[2021 has mercifully ended, which means it’s that time of the year again when the Flixist staff gathers around for our 2021 Golden Cages! Every year we honor the best, and worst, that cinema has to offer, and with cinemas opening up again, we had many films to consider for each category! So read on dear reader, to see what the correct answers are to which movies were truly stand-out films last year!]
Drive My Car didn’t need to be as excellent as it is. Adapting the short story of the same name by lauded Japanese author Haruki Murakami, the narrative itself deals with adaptation, Yusuke (Hidetoshi Nishijima) our lead, a playwright and director coping with the loss of his wife (Reika Kirishima) and a tricky Dostoevsky production. The film is a minute shy of three hours long, dealing with unspoken disillusionment and deep hollowness following loss, but also the sparks of life and connection those grieving may find.
And Ryusuke Hamaguchi handles it scene after scene without flaw.
The length of Drive My Car is likely something you’ve heard brought up time and again, an easy point for potential viewers to harp on. 1. You think 179 minutes is long? Try catching Hamaguchi’s excellent 2015 film Happy Hour, which clocks in at 317 minutes. and 2. Settle in and get in the mood, because Drive My Car’s three hours are like three hours of a warm bath or a soothing therapy session.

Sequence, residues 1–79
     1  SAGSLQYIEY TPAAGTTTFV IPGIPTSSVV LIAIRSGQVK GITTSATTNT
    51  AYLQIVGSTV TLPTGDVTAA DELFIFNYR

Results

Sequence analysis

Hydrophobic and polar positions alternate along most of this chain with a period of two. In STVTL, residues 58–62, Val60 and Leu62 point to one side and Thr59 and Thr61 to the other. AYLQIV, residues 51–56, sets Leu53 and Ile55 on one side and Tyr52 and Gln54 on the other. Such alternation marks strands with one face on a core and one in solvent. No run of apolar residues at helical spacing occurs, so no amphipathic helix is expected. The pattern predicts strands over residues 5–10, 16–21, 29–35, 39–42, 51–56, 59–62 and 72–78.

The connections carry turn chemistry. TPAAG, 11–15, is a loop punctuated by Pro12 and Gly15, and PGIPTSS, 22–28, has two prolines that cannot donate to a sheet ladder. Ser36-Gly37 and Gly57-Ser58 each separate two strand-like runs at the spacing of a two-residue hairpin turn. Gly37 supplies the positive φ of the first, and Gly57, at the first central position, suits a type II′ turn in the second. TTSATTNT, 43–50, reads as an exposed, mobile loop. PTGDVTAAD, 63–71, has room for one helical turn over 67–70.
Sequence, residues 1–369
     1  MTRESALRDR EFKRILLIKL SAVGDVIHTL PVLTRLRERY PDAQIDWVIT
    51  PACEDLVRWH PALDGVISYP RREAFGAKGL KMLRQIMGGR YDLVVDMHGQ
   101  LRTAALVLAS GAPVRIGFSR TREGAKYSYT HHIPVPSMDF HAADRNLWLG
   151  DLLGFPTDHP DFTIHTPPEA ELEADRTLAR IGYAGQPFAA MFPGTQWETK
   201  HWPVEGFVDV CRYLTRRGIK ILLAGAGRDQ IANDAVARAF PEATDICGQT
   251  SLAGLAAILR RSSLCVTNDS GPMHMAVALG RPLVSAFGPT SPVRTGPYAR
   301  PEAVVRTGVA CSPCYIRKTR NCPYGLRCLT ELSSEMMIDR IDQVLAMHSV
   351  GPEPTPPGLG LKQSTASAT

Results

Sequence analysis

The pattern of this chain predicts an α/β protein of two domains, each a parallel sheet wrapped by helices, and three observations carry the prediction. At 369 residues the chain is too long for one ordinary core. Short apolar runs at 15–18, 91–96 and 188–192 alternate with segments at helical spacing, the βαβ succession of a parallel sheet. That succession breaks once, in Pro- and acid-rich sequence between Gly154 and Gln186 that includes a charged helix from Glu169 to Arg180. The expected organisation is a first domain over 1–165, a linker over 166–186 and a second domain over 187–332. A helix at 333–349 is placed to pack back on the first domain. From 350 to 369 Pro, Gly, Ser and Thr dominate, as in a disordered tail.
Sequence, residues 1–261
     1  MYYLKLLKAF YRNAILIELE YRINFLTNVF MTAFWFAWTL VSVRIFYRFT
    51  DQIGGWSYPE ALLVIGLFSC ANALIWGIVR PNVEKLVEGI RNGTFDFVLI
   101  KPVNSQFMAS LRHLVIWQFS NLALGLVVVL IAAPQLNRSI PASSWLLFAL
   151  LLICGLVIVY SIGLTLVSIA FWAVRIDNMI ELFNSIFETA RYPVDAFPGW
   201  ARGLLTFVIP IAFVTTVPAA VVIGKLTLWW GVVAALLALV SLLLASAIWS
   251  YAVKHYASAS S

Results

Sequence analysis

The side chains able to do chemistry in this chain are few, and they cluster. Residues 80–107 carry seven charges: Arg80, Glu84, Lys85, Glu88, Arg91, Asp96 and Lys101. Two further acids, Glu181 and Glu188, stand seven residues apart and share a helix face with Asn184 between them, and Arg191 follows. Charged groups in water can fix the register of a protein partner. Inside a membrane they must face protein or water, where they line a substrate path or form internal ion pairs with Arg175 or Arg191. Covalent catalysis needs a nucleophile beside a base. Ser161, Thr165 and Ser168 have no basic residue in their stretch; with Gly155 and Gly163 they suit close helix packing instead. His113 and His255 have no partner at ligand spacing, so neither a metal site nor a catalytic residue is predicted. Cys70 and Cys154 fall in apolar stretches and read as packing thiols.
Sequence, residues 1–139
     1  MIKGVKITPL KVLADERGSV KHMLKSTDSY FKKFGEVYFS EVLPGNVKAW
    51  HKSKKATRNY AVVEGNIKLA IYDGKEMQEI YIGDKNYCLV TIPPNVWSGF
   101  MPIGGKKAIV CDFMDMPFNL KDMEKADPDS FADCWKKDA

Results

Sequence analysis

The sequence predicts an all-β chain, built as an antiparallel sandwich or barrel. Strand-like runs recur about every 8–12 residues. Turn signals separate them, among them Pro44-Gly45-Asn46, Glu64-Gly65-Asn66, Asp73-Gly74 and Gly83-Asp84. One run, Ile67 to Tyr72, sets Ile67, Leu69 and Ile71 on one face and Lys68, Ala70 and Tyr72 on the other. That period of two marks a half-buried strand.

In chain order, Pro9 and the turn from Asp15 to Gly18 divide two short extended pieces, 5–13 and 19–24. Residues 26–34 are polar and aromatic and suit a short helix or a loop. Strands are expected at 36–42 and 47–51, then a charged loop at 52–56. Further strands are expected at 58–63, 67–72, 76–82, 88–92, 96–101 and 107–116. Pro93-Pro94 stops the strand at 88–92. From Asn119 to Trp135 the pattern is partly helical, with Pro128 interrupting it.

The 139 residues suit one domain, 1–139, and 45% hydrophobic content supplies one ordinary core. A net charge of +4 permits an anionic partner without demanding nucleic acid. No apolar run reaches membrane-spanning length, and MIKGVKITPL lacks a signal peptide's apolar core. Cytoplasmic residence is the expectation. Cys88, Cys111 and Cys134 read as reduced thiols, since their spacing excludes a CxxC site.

Hamaguchi uses the length of scenes to keep things going in real-time, avoiding jump-cuts or trimming to submerge his audience in moments of deceptively-simple life, his actors all immaculate and natural. It’s a film that knows when to veer off course, shaking up its visual language and locations with bursts of interesting sights like a trash disposal facility or a third-act road trip of devastating impact. And yet, Drive My Car doesn’t wallow in misery or ask its audience to reevaluate their lives. It’s a deeply meditative film, Hamaguchi using the pacing of Yusuke’s rehearsals and production of Uncle Vanya to lull his audience into a trance, the aforementioned breaks in location or plot developments shocking the system but never delivering something like violence or upset. Hamaguchi, directing a script he wrote with Takamasa Oe, is clinical and efficient while still tapping into deeply relatable, human emotions.
Hamaguchi has proven himself to be a deeply thoughtful filmmaker with an approach almost like a brilliant magician. He gives you time to sink into a comfort zone, entranced by his actors and their exchanges, becoming enraptured by the conversation and utterly invested. As if Drive My Car weren’t enough, Wheel of Fortune and Fantasy is another terrific film he directed, released last year. That too involves elaborate, chatty, and very earnest stories about connection and finding solace in others. Whatever he does, Ryusuke Hamaguchi has repeatedly proven himself to be a titan of modern cinema, and 2021 was his year, easily making him an easy winner for the 2021 Golden Cage for Best Director.